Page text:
(C# ASP.NET Core) Over-Posting in WebApi and a Solution with Data Transfer Object

We have been working with a model class consisting of three properties - id, Name and Fees. All the three properties have participated and have been exposed in json communication through every Web Api that we have discussed and written in the past tutorials of this chapter. This is called over-posting. But what if there were a property such as an email address that we didn't want exposed? This tutorial presents a solution through the concept of a Data Transfer Object.

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Parveen,

What is over-posting

Let us briefly discuss about over-posting.

We know model classes are exchanged as parameters and response objects. The ASPNET Core Engine takes care of the translation of a C# type to a json string, and vice-versa. Every public property of a model is exposed in this communication. The entire object is shuttled between a client and a server, even if a small subset is relevant. This is called over-posting.

Over-posting might be un-desirable for various reasons. One of them is bandwidth, and more importantly, it could be security.

Video Explanation (see it happen!)

Please watch the following youtube video:

Solution to the problem of over-posting

One solution is to use a shadow model class that contains just the properties that we want exposed. Such a class is called a Data Transfer Object.

Consider a model class such as this one. This class is the same Doctor class that we have been working with, except a new property for EMail, that we want to hide from every WebApi communication.

// Models -> Doctor.cs 

// model class 
public class Doctor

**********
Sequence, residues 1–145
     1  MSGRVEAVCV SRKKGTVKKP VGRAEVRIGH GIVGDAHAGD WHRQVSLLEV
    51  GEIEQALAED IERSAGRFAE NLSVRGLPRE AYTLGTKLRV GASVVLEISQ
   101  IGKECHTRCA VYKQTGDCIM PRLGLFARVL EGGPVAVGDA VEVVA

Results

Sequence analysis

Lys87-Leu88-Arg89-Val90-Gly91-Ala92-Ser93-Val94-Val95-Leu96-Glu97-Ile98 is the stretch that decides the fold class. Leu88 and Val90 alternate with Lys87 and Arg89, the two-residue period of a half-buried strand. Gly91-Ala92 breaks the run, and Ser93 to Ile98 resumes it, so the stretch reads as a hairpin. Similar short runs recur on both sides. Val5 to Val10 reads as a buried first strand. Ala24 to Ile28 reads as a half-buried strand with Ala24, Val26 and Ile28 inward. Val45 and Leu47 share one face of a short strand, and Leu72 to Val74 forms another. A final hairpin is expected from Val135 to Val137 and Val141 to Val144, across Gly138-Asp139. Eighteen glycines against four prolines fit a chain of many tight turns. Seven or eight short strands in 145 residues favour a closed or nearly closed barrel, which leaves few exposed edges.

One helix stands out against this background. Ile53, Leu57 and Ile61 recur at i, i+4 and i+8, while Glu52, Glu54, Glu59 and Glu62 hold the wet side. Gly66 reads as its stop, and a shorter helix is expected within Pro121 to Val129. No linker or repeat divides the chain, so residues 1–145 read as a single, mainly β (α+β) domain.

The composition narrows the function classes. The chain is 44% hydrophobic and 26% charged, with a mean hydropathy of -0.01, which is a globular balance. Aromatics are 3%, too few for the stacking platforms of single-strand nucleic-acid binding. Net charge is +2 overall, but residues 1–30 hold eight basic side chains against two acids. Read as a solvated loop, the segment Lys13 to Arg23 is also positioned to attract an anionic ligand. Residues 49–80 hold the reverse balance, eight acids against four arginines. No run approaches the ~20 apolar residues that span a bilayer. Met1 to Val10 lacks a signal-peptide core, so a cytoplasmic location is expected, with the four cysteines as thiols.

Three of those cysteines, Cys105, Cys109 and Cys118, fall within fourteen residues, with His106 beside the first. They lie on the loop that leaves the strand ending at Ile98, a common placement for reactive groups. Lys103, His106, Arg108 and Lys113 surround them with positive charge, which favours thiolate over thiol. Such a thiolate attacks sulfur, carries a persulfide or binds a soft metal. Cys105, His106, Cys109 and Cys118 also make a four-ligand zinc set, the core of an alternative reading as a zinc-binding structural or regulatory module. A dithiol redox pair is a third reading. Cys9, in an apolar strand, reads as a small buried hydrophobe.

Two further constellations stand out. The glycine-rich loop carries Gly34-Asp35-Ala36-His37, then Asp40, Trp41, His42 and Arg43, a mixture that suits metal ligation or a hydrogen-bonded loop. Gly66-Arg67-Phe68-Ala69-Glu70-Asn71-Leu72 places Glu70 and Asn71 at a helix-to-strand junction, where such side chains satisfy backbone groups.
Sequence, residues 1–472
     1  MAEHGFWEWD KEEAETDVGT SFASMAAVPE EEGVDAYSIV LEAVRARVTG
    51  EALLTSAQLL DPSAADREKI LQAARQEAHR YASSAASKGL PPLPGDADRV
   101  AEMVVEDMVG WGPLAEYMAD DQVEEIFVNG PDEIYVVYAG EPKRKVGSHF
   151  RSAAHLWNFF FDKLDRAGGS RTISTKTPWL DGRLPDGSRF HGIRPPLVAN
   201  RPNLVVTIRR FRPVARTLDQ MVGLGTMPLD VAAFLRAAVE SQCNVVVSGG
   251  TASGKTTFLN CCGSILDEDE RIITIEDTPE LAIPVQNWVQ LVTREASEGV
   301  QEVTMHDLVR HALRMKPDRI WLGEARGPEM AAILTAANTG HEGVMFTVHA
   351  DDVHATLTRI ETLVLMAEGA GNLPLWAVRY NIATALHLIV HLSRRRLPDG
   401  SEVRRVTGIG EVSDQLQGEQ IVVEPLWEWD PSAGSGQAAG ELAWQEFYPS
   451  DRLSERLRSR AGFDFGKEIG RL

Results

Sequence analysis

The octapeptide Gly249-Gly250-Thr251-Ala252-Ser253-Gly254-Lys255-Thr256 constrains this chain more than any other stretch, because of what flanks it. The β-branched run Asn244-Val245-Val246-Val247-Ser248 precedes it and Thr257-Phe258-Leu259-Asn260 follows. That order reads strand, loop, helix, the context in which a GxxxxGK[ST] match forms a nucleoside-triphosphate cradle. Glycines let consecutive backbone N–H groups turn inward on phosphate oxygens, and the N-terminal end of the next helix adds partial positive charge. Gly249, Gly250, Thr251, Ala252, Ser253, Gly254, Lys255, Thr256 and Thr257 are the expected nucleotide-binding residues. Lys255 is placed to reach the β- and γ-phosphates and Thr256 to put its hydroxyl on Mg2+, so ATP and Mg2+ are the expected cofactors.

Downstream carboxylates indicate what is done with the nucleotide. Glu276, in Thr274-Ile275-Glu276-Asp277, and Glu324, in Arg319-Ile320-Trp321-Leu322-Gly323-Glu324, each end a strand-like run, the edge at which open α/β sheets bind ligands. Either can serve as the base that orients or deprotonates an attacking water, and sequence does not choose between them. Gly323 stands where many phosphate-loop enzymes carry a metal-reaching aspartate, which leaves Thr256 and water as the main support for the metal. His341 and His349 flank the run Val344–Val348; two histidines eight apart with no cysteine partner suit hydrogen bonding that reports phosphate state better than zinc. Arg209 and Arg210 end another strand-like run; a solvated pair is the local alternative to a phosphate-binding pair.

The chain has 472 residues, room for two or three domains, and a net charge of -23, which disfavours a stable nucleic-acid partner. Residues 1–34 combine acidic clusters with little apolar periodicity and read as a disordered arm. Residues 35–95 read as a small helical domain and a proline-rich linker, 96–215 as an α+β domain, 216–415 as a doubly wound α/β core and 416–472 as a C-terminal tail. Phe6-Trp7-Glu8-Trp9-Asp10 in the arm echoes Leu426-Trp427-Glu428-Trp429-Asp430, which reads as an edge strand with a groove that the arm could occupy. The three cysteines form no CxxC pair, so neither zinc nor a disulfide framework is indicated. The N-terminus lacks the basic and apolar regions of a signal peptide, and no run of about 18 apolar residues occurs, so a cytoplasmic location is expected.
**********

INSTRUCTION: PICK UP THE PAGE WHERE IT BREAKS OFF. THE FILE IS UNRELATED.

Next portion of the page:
{

  [Key]
  [DatabaseGenerated(DatabaseGeneratedOption.Identity)]
  public int Id { get; set; }

  // name 
  public string Name { get; set; } = default!;

  public int Fees { get; set; }

  // field to be hidden from web-api 
  public String? EMail { get; set; } = default!;

}

The solution is to create another record class called DoctorDTO that contains all properties of Doctor except EMail. Notice that we have used the record keyword to emphasise the fact that this is just a read-only type meant for data exchange. If you are not familiar with this keyword, then you can equally use the class keyword.

// Models -> Doctor.cs 
public record DoctorDTO
{

  [Key]
  [DatabaseGenerated(DatabaseGeneratedOption.Identity)]
  public int Id { get; init; }

  // name 
  public string Name { get; init; } = default!;

  public int Fees { get; init; }

  // conversion from Doctor to a DoctorDTO 
  public DoctorDTO(Doctor doctor)
    => (Id, Name, Fees) = (doctor.Id, doctor.Name, doctor.Fees);

}

This record also contains a constructor that is used for translation of a Doctor to a DoctorDTO.

Suggested Rules

I have written a few useful rules for using a DTO class.

The first is that wherever your API takes a parameter of type Doctor, replace that parameter by DoctorDTO because a client will communicate only through the properties contained in a DTO. So it will be more meaningful to use a DTO. And inside the body of the function, the DoctorDTO can be converted to a Doctor by copying the respective properties. More on this in the coming tutorials.

The second is that wherever your API returns a type of Doctor, replace that by a DoctorDTO, by using its constructor.

And thirdly, wherever your API returns a list of Doctor objects, replace that by a list of DoctorDTO objects by using a projection function such as Select: await ctx.Doctors.Select(x => new DoctorDTO(x)).ToListAsync();

// returning a list of DTO 
await ctx.Doctors.Select(x => new DoctorDTO(x)).ToListAsync();

We shall modify our WebApi in the next few tutorials. Thanks!


This Blog Post/Article "(C# ASP.NET Core) Over-Posting in WebApi and a Solution with Data Transfer Object" by Parveen is licensed under a Creative Commons Attribution-NonCommercial-ShareAlike 4.0 International License.